4

I'm a mother of toddlers. I'm incredibly overwhelmed with stress. I am very anxious about the world around me and I fear their safety. I don't have enough control of my emotions and I believe I overact with them. I cherish their innocence but I feel I'm the very person polluting it with my anger and fear.

I don't know how to come up for air while still being practical and realistic about their safety. I feel like I'm drowning. Is there a way to normalize without medication. If so, how can I do it?

0
2

Stress- relief techniques can help manage anxiety... specific ones to incorporate based on anxiety are...

Mindful meditation as shown by the study in this article... http://ajp.psychiatryonline.org/doi/abs/10.1176/ajp.149.7.936 Meditation can be performed in the morning before the toddlers awake, or after they go to bed. Even 5 minutes consistently done on a daily basis can help you to focus and reduce anxiety throughout the day.

Yoga may be effective based on this article, although I know it can be difficult to do with toddlers, but if you have the time before they wake up, or during nap time. http://www.biomedsearch.com/article/effects-yoga-anxiety-stress/286390903.html

Deep breathing can also reduce anxiety, during an episode of anxiety http://www.anxieties.com/57/panic-step4#.WY9xmlGGOUk Basically when someone is anxious their breathing and heart rate go up, which affects other things as well. By controlling your breathing, your heart rate can go down, and help regulate the other symptoms of anxiety. This can be done at any time anywhere.

Also don't stress if you can't do the above consistently... Stressing over not using stress relief techniques in counter productive. Also, depending on your situation you could ask for help from family and friends. I think sometimes us Moms think we have to do everything ourselves, when we don't.

1
  • Also consider adding Cognitive behavioral therapy - it has in studies been as effective as medications for some anxieties. Google for more info. I've seen it work amazingly well for a number of people. – DoctorWhom Aug 15 '17 at 7:41
1

I recommend seeing a counselor/therapist/psychologist ASAP to help you with this. Cognitive Behavioral Therapy is one of many approaches to anxiety. But a professional can help identify what you need to focus on. They are the branch of healthcare that manages mental health with behavioral interventions rather than medications (or in addition to medications from an MD in some cases, as they don't prescribe meds)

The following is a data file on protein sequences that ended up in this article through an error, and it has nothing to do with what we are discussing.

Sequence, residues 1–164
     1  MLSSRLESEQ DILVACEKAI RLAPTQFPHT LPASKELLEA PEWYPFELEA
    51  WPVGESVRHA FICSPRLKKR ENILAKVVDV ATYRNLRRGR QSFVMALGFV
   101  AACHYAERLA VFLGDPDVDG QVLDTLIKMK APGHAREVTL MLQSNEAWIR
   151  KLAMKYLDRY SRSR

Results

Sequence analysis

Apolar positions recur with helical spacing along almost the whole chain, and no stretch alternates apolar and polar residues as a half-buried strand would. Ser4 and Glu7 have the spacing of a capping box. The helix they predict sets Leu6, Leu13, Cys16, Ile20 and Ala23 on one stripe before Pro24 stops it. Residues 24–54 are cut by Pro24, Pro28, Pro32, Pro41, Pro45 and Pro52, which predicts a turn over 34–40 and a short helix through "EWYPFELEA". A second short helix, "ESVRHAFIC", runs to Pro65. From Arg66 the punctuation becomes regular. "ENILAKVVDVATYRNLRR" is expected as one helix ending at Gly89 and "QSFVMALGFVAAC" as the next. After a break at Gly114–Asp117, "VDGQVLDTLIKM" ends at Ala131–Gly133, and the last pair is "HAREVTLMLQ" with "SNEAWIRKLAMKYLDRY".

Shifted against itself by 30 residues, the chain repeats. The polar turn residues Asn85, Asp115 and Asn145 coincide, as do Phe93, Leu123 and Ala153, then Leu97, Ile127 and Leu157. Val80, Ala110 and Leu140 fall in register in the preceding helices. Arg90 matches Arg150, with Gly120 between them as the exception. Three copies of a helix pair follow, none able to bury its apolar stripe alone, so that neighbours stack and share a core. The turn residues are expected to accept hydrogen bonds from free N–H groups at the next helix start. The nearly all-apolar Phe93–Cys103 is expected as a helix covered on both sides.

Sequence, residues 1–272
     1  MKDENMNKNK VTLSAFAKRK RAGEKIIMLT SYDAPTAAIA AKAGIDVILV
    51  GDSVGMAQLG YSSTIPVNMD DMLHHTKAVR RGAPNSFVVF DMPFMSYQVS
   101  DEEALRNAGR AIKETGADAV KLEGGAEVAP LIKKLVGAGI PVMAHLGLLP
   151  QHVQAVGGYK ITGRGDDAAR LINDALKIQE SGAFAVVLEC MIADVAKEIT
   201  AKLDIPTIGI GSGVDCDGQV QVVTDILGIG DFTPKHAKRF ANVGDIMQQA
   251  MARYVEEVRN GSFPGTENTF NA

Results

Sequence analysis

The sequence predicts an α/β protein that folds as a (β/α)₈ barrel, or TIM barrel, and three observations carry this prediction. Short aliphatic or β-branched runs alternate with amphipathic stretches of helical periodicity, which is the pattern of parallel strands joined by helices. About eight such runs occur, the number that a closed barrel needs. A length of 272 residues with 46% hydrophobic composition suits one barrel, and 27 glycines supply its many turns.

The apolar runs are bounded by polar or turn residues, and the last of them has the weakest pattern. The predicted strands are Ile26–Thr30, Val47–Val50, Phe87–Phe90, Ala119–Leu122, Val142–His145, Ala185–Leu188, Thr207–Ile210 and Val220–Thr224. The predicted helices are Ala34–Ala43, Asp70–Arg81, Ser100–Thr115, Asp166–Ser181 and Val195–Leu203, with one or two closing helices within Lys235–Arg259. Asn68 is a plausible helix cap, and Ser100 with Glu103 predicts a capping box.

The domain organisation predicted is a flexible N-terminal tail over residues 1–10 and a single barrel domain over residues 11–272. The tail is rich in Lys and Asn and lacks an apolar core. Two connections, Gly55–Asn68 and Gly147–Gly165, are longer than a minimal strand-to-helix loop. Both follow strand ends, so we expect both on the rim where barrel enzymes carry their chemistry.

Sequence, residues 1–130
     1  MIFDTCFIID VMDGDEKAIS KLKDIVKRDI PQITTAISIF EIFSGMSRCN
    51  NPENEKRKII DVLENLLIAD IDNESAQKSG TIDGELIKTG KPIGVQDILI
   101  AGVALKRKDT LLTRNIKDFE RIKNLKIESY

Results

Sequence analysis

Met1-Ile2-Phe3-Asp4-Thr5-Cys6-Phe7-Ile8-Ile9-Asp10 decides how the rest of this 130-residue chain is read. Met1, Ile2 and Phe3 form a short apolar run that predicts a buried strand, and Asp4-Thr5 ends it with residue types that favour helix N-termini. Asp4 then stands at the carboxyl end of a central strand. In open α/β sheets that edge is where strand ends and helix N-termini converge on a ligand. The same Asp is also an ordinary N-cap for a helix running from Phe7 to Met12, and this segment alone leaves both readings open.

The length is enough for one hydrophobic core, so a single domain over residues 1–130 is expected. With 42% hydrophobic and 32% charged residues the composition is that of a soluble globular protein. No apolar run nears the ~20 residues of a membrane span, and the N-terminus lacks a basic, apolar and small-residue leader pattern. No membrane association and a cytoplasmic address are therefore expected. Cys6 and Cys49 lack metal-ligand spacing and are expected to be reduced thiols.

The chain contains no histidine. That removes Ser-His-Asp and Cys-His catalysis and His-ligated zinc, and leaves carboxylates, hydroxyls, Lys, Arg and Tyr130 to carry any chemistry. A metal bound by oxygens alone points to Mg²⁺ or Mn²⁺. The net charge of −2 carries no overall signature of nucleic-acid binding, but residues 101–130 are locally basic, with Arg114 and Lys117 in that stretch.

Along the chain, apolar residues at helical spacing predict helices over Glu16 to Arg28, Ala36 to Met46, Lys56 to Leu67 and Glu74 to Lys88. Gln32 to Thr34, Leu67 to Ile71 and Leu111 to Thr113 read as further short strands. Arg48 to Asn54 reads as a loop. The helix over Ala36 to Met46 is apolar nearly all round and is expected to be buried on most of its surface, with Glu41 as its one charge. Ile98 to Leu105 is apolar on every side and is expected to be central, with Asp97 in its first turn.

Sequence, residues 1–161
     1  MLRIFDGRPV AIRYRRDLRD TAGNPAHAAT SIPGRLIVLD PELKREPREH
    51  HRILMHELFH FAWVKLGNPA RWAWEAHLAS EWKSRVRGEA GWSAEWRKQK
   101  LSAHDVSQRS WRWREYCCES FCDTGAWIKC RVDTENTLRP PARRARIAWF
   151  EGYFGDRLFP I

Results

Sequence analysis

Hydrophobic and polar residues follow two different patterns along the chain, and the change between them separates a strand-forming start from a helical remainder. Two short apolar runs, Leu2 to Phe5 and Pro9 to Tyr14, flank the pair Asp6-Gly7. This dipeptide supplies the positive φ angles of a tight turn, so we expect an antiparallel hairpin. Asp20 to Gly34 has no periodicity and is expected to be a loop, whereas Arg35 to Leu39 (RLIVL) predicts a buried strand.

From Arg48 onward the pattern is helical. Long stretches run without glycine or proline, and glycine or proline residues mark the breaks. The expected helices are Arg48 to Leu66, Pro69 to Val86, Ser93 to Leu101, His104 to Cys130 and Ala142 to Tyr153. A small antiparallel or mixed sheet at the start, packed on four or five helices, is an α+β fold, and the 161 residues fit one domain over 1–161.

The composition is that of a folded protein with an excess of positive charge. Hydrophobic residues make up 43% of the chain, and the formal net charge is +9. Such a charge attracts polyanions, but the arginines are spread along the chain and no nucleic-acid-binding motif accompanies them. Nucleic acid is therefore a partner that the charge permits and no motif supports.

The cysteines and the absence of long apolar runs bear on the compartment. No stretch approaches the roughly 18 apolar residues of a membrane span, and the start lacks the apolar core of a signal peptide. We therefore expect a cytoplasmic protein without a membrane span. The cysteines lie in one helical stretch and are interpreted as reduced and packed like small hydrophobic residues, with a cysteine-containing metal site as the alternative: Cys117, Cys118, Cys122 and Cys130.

1
0

If this level of anxiety kicked in after having children it may qualify as PPA - post partum anxiety. People often think of depression, but anxiety is also incredibly common. There are varying degrees you can experience such things and sometimes it might be a good idea to consider medication while making lifestyle changes to assist you.

As a mother to young kids myself, I know that I am prone to anxiety. What I didn't know initially was that I am also prone to developing something called post partum hyper-thyroiditis. So this was doubly awful. I was loosing weight like crazy, unable to sleep, and having all sorts of symptoms due to my thyroid which also increases anxiety for some, and having anxiety with the two together had me convinced for a while that I had to have cancer or some awful thing happening, because of all my strange symptoms (especially excess weight loss). I tell you that because pregnancy also puts a strain & sometimes that means it can change our health. It is always advisable to talk to the doctor about any symptoms you are having, even anxiety, simply because there can be a biological component to it. I could have never yoga-d my way into a healthy thyroid. That wasn't going to work, right? So a check up & talk with the doctor is seldom a bad idea. If they advise a medication you prefer not to take, you don't have to take it, but it's still worth looking at all options and ensuring you don't have anything else causing you to have more intense anxiety.

That said, the rest of what I do. I have recently started a supplement called L Theanine. It's an extract found in tea. It simply helps me feel more calm & focused. The strength I take is about what you get in 2 cups of tea, so not much, and it's not magical, but it helps a little.

Avoiding caffeine helps me as well. That was one my doctor advised right off. I again, can't say it magic, but also better.

CBT is one that is commonly used clinically. I was already versed in meditation, so for me I've just reapplied myself to that, which in many ways is not too terribly far removed from the techniques of CBT, such that now there is MCBT that is a marriage of the two. http://www.harleytherapy.co.uk/counselling/cbt-mbct-difference.htm

1
  • All that to say, I do not really have anxiety at present. I do sometimes have brief moments where I can feel it wanting to come back on, but the combination of changes I have made as well as getting my thyroid sorted have meant I live mostly anxiety free, at least to the degree the average person does. I used to have times it felt almost paralyzing. It's an awful feeling. I wouldn't wish that on anyone. – threetimes Aug 16 '17 at 3:48

Not the answer you're looking for? Browse other questions tagged or ask your own question.